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What are the tax implications for a foreigner buying real estate property in California?

Union City, CA |

What would the computation of taxes for a foreign buyer be? Would having a nonrsident alien in the title help in minimizing the taxation?

The property is to be used for personal purposes and the title will be under the individual's name but also looking for ways to reduce incurring US taxes.

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Attorney answers 2


Your question is a bit too broad. Are you referring to residential property such as a single family residence to occupy for oneself, or income producing property (commercial, industrial, residential rental)? In other words, will there be regular rental income?

Are you referring to vacant land? Is the investor planning to build and develop?

Is the investor looking for short term gain or long term gain?

Will there be more than one investor?

Will title be held in the individual's name, or in the name of an entity such as an LLC, corporation or limited partnership?


Consult a tax accountant before you invest in any real estate in the U.S.

There are two kinds of taxes associated with owning residential property, property taxes (which everyone pays regardless of resident or non-resident), and capital gains taxes (due upon sale or disposition of the property).

Under U.S. tax tax law, all persons, whether foreign or domestic, must pay income tax on dispositions of interests in U.S. real estate (U.S. real property interests). Domestic persons are subject to this tax as part of their regular income tax.

Foreign Investment in Real Property Tax Act (FIRPTA), 26 USC 897, is a United States tax provision that imposes income tax on foreign persons disposing of United States real property interests. Tax is imposed at regular tax rates for the type of taxpayer on the amount of gain considered recognized. Purchasers of real property interests are required to withhold tax on payment for the property. Withholding may be reduced from the standard 10% to an amount that will cover the tax liability, upon application in advance of sale to the Internal Revenue Service.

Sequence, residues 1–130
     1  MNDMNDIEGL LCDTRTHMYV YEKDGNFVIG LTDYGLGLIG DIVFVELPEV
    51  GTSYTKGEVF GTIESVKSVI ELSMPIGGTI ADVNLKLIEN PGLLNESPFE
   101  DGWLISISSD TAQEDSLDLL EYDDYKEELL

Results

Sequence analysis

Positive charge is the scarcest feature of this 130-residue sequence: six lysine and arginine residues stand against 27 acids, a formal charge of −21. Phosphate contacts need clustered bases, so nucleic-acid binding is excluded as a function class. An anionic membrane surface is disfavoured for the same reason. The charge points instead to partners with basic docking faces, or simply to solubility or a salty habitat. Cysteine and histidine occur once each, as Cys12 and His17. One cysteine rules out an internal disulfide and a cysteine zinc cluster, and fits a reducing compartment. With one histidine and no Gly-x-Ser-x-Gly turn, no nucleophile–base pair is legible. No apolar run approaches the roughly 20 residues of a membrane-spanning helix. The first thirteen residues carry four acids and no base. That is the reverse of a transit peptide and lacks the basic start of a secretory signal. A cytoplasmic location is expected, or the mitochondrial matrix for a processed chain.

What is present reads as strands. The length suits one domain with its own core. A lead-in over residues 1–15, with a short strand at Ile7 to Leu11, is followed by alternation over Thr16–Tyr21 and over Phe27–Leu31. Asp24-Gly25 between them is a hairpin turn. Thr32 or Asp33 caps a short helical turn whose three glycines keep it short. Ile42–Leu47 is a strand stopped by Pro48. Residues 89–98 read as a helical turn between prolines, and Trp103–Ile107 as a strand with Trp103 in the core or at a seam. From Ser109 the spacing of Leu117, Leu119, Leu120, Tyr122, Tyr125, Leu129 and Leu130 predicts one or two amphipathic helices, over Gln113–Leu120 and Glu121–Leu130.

Foreign persons are taxed only on certain items of income, including effectively connected income and certain U.S. source income. Foreign persons, however, are not taxed on most capital gains. FIRPTA treats gain on disposition of an interest in United States real property as effectively connected income subject to regular tax.

In order to ensure tax collection from foreign taxpayers, FIRPTA requires buyers of U.S. real property interests to withhold 10% of the sales price. The seller may apply to the IRS to reduce this 10% to the amount of tax estimated to be due. The IRS routinely and quickly approves such seller applications.

FIRPTA applies in virtually all cases where a foreign owner of a U.S. real property interest disposes of (sells) such interest. Provisions of the law which would prevent recognition of gain generally do not apply unless the seller receives a U.S. real property interest in a qualifying nonrecognition exchange.

Again, please consult a tax accountant before you invest in any real estate in the U.S.

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